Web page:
What do the Bones, Breath, and Bandhas have in common? Each of these “B” words, when used as the object of meditation, has the capacity to move your senses from shallow to deep and can induce what the yogis call pratyahara. Pratyahara is a state of being where your senses no longer seek nourishment or attention from the external environment; instead you feel content, peaceful, and at home within yourself. Pratyahara locks you into the “now” and is a precursor to meditation, which requires steady uninterrupted attention to the present moment and/or object of focus. In Patanjali’s 8 Limbs of Yoga, pratyahara is described as a transitional moment between the outer limbs (yamas, niyamas, asana, and pranayama) that help you develop ethical standards, healthy relationships, and cleansing practices in order to purify the body/heart/mind. After purification has occurred via diet, asana and pranayama, its easier to sense and feel into the subtle inner limbs (dharana, dhyana, and samadhi) that describe different stages of concentration and meditation.
As we move from the extroverted energy of summer towards the quiet and dormant energy of winter, the autumn season is the space between these two extremes and is considered a transition time in Ayurveda, much like pratyahara is to the 8 Limbs of Yoga. The autumn transition beckons you to slow down in order to ease into the winter gracefully and in good health. By practicing the 3 B’s on a regular basis this season, I hope you discover steadiness in form and contentment in the now.
Step 1: Bone Meditation
Sit in Virasana or alternative seated position to meditate. Relax your gaze and begin to visualize the shape of the all tiny bones in your head. Bring your awareness down to the lower jaw and release it away from the upper palate. Drop your attention down the length of your cervical spine, around the shoulder blades and into the arm bones. Let the arm bones release with gravity toward the earth, hands bones steady on your thighs. Inhale and bring your attention up the arm bones and along your collarbones. Follow the next breath down the chest bone (sternum) and soften the organs in between the ribs. Let your breath fill the bones of the ribs and feel them widen towards your arm bone on inhale; exhale and feel them soften toward the mid-line of the body. Bring your attention to the thoracic spine and walk your attention down to your lumbar curve. Pause and bring some breath and vitality to your lower back vertebrae. Continue sinking your attention down to the sacrum and tailbone; root your attention deep towards the earth. Follow your attention from the tailbone around the pelvic bones; breathe into the bones of the pelvis. Sense and feel the shape of the head and neck of your femur, then move your awareness down the shaft of the femur, past the knee, into lower leg bones, ankles, and feet.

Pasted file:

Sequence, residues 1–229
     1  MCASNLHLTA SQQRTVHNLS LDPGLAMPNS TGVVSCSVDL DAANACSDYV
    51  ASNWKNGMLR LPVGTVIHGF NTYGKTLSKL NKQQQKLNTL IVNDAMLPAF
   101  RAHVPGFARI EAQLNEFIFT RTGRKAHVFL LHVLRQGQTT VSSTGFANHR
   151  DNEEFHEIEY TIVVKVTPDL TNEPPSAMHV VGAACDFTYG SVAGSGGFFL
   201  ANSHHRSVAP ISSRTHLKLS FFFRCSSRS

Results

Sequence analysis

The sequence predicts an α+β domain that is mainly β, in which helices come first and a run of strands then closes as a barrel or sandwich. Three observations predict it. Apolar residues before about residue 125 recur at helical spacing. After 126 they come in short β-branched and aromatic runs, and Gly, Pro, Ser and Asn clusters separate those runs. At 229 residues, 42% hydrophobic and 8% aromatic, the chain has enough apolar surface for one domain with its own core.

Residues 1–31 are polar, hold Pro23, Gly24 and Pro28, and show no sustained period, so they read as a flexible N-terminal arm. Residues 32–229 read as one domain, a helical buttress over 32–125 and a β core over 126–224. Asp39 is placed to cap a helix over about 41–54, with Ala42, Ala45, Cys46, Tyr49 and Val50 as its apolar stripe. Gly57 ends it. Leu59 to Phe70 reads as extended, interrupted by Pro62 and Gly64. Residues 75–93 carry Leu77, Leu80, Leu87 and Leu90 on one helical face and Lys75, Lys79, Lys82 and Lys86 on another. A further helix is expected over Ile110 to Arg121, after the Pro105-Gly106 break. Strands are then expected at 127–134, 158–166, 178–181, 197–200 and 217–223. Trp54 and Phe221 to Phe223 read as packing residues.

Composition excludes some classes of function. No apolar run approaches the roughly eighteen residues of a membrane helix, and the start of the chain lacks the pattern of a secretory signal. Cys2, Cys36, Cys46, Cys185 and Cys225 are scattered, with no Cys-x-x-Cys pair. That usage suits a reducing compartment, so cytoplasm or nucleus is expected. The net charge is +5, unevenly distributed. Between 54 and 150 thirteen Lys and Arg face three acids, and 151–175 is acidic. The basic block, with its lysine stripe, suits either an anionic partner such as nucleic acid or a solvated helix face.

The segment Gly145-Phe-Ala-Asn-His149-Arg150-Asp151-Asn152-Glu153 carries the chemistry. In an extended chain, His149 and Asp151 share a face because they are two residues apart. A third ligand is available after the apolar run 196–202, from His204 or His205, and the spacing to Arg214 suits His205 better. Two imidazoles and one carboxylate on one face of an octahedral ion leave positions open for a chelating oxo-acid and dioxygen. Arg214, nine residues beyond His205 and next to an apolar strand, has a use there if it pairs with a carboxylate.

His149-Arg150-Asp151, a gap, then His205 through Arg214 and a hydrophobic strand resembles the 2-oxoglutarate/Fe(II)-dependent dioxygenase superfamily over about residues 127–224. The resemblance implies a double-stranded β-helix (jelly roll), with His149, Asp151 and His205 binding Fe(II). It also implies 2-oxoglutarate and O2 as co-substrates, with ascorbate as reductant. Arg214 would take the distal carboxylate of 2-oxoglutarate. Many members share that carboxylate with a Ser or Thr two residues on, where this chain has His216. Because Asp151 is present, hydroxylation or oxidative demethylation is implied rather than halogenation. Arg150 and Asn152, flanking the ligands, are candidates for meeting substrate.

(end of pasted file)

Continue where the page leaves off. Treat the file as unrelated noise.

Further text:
Step 2: Breath Awareness Practice
After completing the Bone Meditation, begin to observe the breath coming in through the nose, down into the body toward the lungs. Notice the end of your inhale and follow the breath back up the chest to the nose on exhale. Repeat for 3-5 minutes. Once you are comfortable with the breath orientation, begin to add a moment’s pause at the end of your inhale to help expand the ribs and chest, followed by a long steady exhale. Repeat for 3-5 minutes. The last step is to add an additional pause at the end of the exhale, and for a moment keep the breath out while you maintain relaxed and calm in the space between breaths. Repeat 3-5 minutes.
Step 3: Bandhas (best to practice these under supervision of a teacher)
The final step in the 3 B’s practice is to familiarize yourself with the bandhas. Bandhas are often described as seals, energy locks, or binds that fasten your attention deep in the psycho-muscular energy body. When properly engaged, bandhas may induce pratyhara; increase blood supply to the pelvic floor muscles, digestive organs and upper chest; purify or stimulate the chakras and energetic knots called grantis; and help maintain good alignment, which eventually clears the mind.
Mula (root lock)
Lift and weave the pelvic floor muscles together after exhale and you are creating the foundation of mula bandha. Relax the pelvic floor on inhale.
Uddiyana (upward moving)
To initiate uddiyana, exhale fully, pause, and spread the diaphragm muscle wide at the same time your navel moves deep towards the spine. After you feel the compression and lift of the organs, relax your effort, breathe and relax.
Jalandhara (neck lock)
After a comfortable inhalation, drop your chin down towards the base of the throat, lift the chest bone up to meet the chin and seal in prana, or the energy of the breath that is rising. Release your head back to neutral and observe the effects of jalandhara bandha.